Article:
He hated being singled out and made an example of. Why did he have to be the one to keep his temper and play nice all the time? Everyone else got to say and do what they liked, so how come he didn’t? He felt his eyes tear up and he rubbed at them savagely, refusing to give in to tears just because Loki ruined yet another thing that he valued and enjoyed.
Thor passed the kitchens near the Great Hall, catching a glimpse of a large boar roasting on a spit, and he paused to watch as the cooks rushed to prepare the evening meal. Normally he’d have gone in and helped himself to a little something to tide him over until dinner, but right now he just felt tired and angry. Too tired and angry to even be hungry for any of the mouthwatering baking smells drifting out from the ovens.
Instead, he went straight up to his room, closed the door, stripped his shirt off and crawled into bed, not caring a bit that he was still in need of a bath.
“I wish this day was over,” he thought, the tears he’d kept at bay finally falling and soaking into his pillow. After a little while, the tears tapered off into sniffles and he closed his eyes feeling worn out and bone tired.
Tomorrow. He promised himself. He’d deal with it all tomorrow.
Odin, with Huginn perched on his left shoulder, pushed open the door to his son’s room. He had prepared a fine and stern speech for the boy about duty and discipline; about the worry he caused when he went off without telling anyone; about the extra work it created when everyone had to drop what they were doing to look for him. Thor hadn’t come to dinner with the other boys – something Odin had thought would be impossible as the four of them were usually nothing more than walking appetites – but, the other boys hadn’t seen him since his lesson with Erna. He’d sent some of the household staff out to look for Thor, but no one, including him, had thought to check the boy’s bedroom.
The speech was forgotten when he saw that his son was here, asleep in his own bed, safe and sound. It was clear the boy had been crying and Odin was wise enough to know that whatever Thor’s failures today, he’d been punished quite enough for them, and that his speech would keep for another time. He knew all too well that if there was some mischief to be found, Thor and his friends would root it out pretty quickly – and his speech would work just as well then.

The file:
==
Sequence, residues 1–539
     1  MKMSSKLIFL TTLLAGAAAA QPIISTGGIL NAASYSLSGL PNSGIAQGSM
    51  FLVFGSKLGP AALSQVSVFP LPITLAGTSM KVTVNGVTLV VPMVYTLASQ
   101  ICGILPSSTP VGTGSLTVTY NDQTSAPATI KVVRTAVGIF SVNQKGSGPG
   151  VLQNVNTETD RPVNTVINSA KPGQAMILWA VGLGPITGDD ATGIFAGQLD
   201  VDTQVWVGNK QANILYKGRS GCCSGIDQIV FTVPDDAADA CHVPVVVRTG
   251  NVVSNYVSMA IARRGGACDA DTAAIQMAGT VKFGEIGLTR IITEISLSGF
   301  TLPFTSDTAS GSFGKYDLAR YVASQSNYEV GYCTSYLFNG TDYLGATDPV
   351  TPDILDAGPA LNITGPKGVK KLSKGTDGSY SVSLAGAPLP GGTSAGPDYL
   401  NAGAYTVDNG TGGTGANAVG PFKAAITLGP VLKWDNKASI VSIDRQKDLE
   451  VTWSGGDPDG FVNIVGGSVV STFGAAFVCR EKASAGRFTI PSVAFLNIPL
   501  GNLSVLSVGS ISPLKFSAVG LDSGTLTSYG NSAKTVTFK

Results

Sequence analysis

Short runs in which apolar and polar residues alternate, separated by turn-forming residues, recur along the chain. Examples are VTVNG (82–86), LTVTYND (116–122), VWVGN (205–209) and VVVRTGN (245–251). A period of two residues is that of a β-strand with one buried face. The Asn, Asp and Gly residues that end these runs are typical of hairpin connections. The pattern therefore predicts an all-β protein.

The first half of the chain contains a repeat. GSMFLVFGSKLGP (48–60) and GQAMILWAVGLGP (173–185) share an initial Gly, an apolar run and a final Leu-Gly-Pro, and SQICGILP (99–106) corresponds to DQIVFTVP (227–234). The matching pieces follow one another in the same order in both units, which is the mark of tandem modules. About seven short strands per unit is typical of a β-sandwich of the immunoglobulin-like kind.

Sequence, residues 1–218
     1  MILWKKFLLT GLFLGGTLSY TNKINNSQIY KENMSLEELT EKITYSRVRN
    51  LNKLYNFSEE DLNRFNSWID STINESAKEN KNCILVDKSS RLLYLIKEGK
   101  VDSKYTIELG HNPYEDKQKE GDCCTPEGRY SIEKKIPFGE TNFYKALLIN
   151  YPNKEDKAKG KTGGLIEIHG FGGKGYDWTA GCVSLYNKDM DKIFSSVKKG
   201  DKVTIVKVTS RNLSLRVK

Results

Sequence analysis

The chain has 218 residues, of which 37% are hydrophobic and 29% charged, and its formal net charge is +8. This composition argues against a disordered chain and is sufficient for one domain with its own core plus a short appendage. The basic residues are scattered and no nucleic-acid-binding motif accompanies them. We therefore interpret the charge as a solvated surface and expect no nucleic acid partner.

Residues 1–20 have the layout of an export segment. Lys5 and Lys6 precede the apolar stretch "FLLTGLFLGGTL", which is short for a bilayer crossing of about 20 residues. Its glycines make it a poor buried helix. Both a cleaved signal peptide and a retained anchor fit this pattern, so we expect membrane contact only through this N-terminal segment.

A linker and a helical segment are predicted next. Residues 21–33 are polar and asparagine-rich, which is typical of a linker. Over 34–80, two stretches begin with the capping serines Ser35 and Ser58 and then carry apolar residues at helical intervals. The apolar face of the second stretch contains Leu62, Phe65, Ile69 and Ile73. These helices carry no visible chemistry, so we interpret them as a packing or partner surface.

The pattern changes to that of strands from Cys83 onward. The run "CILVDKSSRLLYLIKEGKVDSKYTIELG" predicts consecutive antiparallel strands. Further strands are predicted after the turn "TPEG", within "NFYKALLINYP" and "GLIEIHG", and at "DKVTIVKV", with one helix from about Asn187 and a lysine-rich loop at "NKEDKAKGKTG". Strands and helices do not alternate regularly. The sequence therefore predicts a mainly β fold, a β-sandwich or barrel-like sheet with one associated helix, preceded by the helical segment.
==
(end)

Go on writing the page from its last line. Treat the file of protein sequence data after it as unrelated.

He watched as Huginn swept across the room on silent wings to the bed and used his beak to tug the linen sheet up over Thor’s bare shoulders. Odin smiled, a mix of exasperation and love on his face.
“I sometimes forget that he is still a boy. A prince, but still young yet. Perhaps we ask him to carry too much, too soon.”
Huginn looked up at Odin.
“He is stronger than he seems,” Huginn said. “These pains are part of growing up. He will endure them and triumph.”
“Can you see so far?”
I don’t need to see far to know this.”
Odin nodded. “I believe you are right.” He approached his son’s bed quietly, and leaned down to smooth the boy’s fine spiky hair, and shake his head fondly at the smudges of dirt on his face.
“It will be better tomorrow, my son,” he said quietly.
In his sleep, without knowing, Thor smiled as if he’d heard his father’s words, and then he turned and burrowed into his pillow, his body relaxing into a deeper sleep. Odin turned to leave, satisfied that his son was well and safe. He held out his hand in invitation to Huginn.
Huginn shook his head and fluttered upward onto the bed frame to look down at the boy. Odin smiled to see him there; a dark but kindly sentinel to watch over his sleeping son and keep safe his dreams.